MPs used to be compensated for merely relinquishing their jobs - whether or not they fought an election or not - but so-called resettlement grants have been scrapped for those stepping down voluntarily.
Fear of losing
Most MPs who stand down from Parliament are praised for their service. The longer they have served the more generous the praise. Most of those represent safe seats or ones they could reasonably expect to win.
Unfair though it may be, MPs in marginal seats tend to be treated differently. They are generally seen as, to coin a Thatcher phrase, "frit".
The MP with the most marginal seat in 2005 - Labour's Laura Moffatt in Crawley - decided not to contest it the next time around. The seat changed hands at the 2010 election.
However, this has not always been the case. In 1997 and 2001 the MPs with the smallest majorities were re-elected with much larger ones the next time around.
No choice in the matter
While most MPs have the luxury of deciding the manner of their exit, a few do not.
A handful have been officially de-selected in recent months by local parties who have decided their time is up - while others have been quietly advised not to put their names forward as their parties look for fresh blood.
Occasionally, there is a personal controversy that surrounds an MP that prompts them to stand down, often citing the desire not to distract from the party's main goal of winning the election.
In 2009-2010, a swathe of MPs were "forcibly retired" by their party leaders at the following election because of expenses misdemeanours while one, Labour's Ian Gibson, took the rare step of resigning on the spot.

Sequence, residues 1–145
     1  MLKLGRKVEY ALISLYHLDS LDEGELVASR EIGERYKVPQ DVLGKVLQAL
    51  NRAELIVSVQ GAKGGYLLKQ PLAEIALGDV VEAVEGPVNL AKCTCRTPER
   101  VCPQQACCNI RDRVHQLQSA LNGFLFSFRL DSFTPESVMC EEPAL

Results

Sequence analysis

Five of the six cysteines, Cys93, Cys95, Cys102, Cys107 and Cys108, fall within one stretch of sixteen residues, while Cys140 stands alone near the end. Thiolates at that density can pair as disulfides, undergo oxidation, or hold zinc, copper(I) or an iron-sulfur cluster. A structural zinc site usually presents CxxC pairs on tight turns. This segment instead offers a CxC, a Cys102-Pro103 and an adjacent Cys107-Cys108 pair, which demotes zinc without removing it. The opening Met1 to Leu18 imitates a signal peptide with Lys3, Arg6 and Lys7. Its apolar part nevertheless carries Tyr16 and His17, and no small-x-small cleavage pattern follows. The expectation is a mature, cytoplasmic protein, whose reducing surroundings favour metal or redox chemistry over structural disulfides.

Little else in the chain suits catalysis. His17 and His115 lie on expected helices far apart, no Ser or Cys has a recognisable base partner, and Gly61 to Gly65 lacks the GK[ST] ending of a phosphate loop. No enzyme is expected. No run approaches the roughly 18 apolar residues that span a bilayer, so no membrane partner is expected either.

David Ruffley became the most recent MP to fall on his sword following controversy over his private life. While elections are often described as 650 individual contests, the party's victory remains the holy grail.
So back to Mark Simmonds
As mentioned at the start of this article, Mark Simmonds is the most recent MP to announce he is stepping down as an MP. The 50-year-old married father of three's family live in his Lincolnshire constituency.
As a Foreign Office minister he was paid £89,000 and as an MP he is allowed to claim rent for a London flat of up to £27,000 a year. But in announcing his resignation he said that his parliamentary allowance "does not allow me to rent a flat which can accommodate my family".
He said the idea of spending another five year Parliament staying in different hotel rooms "fills me with horror", adding: "I very rarely see my family and I have to put family life first."
Mr Simmonds said other MPs had echoed his concerns that the expenses system had swung too far the other way since MPs' abuses of the old system were revealed ahead of the 2010 election.
There are likely to be more MPs announcing their intention to step down ahead of next year's election. It remains to be seen whether any cite the expenses system as their reason.